In Deshaun Watson's final season at Clemson he threw 17 interceptions. That's more than one per game. That's one less than Jake Fromm threw in his entire Georgia career.
And yet, Watson also threw 41 touchdowns in that 2016 season. He did so while leading Clemson to its first national title under Dabo Swinney.
Some might say that Watson was careless with the football and lord knows countless draft analysts did so. But that season and performance showed that some times you have to live with the bad to fully enjoy the good. That being aggressive, making riskier throws, sometimes has a large pay-off in the end.
And according to the quarterback trainer Quincy Avery of Georgia's new quarterback, Jamie Newman has that same type of aggressive skillset.
"I think he's a really aggressive quarterback. The tight-window throws," Avery said while appearing on the Paul Finebaum show. "Jake Fromm is a really amazing quarterback, but he wasn't super aggressive. Jamie is a little different in that aspect.
"He's gonna make some throws where people say ah I'm not sure he can throw that.' But he's got the talent and capabilities to fit into tight windows."
Many have already remarked that Newman will also bring a different physical skillset to Georgia as well. Newman did rush for 574 yards and six touchdowns a season ago while playing for Wake Forest.
Georgia won't ask him to carry the ball nearly as often this season, but it would be wise to have him use the threat of running to open things up on the outside.
"They haven't had a quarterback who can add to the run game and make defense really have to think about QB runs and all the zone-read stuff," Avery said of Newman. "And he's got a tremendous arm so he can handle the RPO stuff."
We've been working with some of the best college QBs in the country to make sure when they go back to campus they are sharp as ever. pic.twitter.com/vX91OmB6xs
quincy_avery (@Quincy_Avery) May 19, 2020
The 2020 Georgia offense will be under new direction, as Todd Monken takes over as the offensive coordinator. Ultimately though, Kirby Smart will still have some influence on the offense and its direction.
And to this point in his career, Smart has wanted his quarterbacks to be risk-averse. There's a reason Smart stuck with Fromm as opposed to more naturally talented passers in Jacob Eason and Justin Fields, who Avery also trains and called, "the most talented quarterback that I've ever come in contact with."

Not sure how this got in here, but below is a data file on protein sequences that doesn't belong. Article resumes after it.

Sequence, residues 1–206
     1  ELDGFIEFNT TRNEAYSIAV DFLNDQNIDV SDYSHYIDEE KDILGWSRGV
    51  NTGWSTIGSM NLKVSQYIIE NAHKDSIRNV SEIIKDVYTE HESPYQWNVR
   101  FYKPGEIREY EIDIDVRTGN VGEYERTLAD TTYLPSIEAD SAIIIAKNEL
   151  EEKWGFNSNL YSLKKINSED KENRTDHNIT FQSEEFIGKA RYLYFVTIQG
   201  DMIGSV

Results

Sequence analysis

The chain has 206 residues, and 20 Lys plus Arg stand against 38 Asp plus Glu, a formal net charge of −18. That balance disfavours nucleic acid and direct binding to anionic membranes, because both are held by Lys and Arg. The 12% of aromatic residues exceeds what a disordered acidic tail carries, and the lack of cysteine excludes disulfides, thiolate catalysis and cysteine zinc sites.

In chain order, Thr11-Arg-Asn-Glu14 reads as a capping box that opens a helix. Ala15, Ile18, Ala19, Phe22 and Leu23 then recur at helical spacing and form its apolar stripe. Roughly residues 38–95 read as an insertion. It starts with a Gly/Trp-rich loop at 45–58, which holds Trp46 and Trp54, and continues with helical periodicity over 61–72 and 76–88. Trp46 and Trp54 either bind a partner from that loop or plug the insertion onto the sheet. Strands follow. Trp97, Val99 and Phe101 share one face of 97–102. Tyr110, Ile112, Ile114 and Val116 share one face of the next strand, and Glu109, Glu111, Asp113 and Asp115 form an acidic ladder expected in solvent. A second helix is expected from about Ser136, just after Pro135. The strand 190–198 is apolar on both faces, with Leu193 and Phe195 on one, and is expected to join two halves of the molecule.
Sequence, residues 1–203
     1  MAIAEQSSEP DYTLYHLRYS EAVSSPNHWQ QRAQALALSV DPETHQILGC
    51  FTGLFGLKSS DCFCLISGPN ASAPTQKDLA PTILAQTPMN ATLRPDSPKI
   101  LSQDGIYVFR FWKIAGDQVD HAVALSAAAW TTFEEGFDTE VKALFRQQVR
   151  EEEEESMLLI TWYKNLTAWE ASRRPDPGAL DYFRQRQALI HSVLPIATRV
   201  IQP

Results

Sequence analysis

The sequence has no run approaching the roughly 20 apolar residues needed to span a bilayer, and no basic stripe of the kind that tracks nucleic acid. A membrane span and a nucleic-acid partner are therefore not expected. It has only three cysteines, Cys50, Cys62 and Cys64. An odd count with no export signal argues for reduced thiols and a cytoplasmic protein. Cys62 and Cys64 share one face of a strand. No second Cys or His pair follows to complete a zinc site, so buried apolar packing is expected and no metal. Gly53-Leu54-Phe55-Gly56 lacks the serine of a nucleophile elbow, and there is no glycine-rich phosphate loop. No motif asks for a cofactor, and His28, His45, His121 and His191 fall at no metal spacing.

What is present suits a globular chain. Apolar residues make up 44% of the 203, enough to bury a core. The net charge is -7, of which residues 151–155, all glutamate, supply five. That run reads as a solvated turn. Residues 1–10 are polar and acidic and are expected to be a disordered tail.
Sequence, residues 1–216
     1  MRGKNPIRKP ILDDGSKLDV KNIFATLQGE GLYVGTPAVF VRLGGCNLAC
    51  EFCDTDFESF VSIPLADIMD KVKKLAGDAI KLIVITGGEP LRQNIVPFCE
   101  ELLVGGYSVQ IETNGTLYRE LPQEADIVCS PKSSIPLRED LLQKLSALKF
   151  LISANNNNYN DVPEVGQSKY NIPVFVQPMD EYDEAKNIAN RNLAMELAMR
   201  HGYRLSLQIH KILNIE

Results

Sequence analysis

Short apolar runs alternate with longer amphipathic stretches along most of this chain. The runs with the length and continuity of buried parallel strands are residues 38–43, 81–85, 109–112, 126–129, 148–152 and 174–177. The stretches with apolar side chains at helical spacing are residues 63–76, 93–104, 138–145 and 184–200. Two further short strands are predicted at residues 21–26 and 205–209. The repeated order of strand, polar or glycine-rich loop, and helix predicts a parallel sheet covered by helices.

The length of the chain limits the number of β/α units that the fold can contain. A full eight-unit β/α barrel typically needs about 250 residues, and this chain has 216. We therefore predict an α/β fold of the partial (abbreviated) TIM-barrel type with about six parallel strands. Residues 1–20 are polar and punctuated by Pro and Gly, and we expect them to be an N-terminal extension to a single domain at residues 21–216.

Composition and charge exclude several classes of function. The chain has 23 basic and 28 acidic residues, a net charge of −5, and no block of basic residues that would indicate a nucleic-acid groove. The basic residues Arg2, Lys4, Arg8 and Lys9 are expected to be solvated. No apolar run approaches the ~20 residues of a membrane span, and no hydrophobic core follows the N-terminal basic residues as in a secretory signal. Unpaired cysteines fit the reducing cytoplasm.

Even Georgia's governor, Brian Kemp, knows that one of the key things Smart preaches is the importance of not turning the ball over on the offensive side of the ball.
Fromm didn't make very many mistakes or turnovers during his largely stellar Georgia career. In fact, during the 2019 season, the only games Georgia lost were the ones in which Fromm threw interceptions.
But Fromm could've thrown zero interceptions against LSU and it wouldn't have mattered that day. In part because Georgia just wasn't able to make enough big plays in the passing game a season ago. Not all of that falls on Fromm, but he does shoulder some of the blame there.
Smart came out after that LSU loss andemphatically put down the notion that he wants to play man-ball and maul teams to death. He said he wanted to score more points. In wanting that though, he might have to take a few more chances in the deep passing game. Scared money doesn't make money, after all.
With wide receivers like George Pickens and a potentially healthy Dominick Blaylock, those opportunities could present themselves more often during the 2020 season. And it will be up to Newman to take advantage of those plays.
"He's a big, physical, strong kid. He's 6-3, 225 pounds really good athlete who also makes ridiculous throws," former Bulldog David Pollack said of Newman while appearing on ESPN's Get Up. "Now he goes to Georgia with driving a Ferrari."
Newman did throw 11 interceptions in 12 games last year, with six of those coming after the calendar turned to November. Obviously Georgia won't ask him to turn into Nathan Peterman, or even be like Watson.
But Georgia is going to need to be more aggressive on the offensive side of the ball. And Newman may be better suited to take those risky shots than Fromm was.
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